Irish writer Paul Lynch wins Booker Prize
Irish writer Paul Lynch won the Booker Prize for fiction on Nov. 26 with what judges called a "soul-shattering" novel about a woman's struggle to protect her family as Ireland collapses into totalitarianism and war.
"Prophet Song," set in a dystopian fictional version of Dublin, was awarded the 50,000-pound ($63,000) literary prize at a ceremony in London. Canadian writer Esi Edugyan, who chaired the judging panel, said the book is "a triumph of emotional storytelling, bracing and brave" in which Lynch "pulls off feats of language that are stunning to witness."
Lynch, 46, had been the bookies' favorite to win the prestigious prize, which usually brings a big boost in sales. His book beat five other finalists from Ireland, the U.K., the U.S. and Canada, chosen from 163 novels submitted by publishers.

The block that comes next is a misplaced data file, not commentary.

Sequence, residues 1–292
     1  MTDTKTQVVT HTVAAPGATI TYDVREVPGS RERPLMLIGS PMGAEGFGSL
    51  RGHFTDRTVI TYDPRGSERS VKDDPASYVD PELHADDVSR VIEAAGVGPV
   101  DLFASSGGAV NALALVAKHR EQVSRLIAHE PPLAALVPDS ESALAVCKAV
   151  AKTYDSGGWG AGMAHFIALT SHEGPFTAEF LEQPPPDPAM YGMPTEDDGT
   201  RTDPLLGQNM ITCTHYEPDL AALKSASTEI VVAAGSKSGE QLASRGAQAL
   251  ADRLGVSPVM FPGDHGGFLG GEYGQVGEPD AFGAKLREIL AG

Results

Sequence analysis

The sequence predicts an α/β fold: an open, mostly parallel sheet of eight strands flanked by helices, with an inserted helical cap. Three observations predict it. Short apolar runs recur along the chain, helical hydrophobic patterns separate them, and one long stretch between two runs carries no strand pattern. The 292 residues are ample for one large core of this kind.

"This was not an easy book to write," Lynch said after being handed the Booker trophy. "The rational part of me believed I was dooming my career by writing this novel, though I had to write the book anyway. We do not have a choice in such matters."
Lynch has called "Prophet Song," his fifth novel, an attempt at "radical empathy" that tries to plunge readers into the experience of living in a collapsing society.
"I was trying to see into the modern chaos," he told the Booker website. "The unrest in Western democracies. The problem of Syria - the implosion of an entire nation, the scale of its refugee crisis and the West's indifference. I wanted to deepen the reader's immersion to such a degree that by the end of the book, they would not just know, but feel this problem for themselves."
The five prize judges met to pick the winner on Saturday, less than 48 hours after far-right violence erupted in Dublin following a stabbing...